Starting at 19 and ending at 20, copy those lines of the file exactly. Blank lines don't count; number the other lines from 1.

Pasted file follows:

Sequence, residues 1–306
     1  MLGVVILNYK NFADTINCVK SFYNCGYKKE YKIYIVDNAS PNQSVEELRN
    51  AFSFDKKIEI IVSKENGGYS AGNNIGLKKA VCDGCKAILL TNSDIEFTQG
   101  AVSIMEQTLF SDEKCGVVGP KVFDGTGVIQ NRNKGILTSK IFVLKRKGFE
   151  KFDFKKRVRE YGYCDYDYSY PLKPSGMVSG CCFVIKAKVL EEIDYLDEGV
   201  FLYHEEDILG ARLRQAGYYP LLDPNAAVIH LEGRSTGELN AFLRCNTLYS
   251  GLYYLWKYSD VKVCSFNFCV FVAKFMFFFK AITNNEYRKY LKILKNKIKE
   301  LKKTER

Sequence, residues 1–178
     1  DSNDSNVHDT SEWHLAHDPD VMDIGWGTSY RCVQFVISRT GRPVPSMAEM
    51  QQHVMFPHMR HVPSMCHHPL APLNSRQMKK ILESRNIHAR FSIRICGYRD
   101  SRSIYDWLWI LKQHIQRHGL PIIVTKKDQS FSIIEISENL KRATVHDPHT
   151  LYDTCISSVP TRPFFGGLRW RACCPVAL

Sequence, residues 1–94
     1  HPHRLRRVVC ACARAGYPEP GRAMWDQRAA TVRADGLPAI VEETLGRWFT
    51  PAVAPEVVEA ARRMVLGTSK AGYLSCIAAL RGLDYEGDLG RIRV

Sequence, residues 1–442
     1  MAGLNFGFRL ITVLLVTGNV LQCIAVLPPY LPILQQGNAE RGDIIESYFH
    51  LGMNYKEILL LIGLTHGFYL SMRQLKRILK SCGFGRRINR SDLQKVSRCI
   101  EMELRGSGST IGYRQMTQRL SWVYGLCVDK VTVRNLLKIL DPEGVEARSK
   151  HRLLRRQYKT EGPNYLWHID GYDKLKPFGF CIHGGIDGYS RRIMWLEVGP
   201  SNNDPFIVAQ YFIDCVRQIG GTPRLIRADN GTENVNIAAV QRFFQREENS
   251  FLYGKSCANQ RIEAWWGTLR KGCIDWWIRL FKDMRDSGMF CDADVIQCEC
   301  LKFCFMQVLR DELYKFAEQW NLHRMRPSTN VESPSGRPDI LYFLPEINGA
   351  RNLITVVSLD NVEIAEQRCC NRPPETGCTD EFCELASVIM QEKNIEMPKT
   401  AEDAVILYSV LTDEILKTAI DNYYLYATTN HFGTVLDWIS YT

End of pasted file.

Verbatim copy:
    51  LGMNYKEILL LIGLTHGFYL SMRQLKRILK SCGFGRRINR SDLQKVSRCI
   101  EMELRGSGST IGYRQMTQRL SWVYGLCVDK VTVRNLLKIL DPEGVEARSK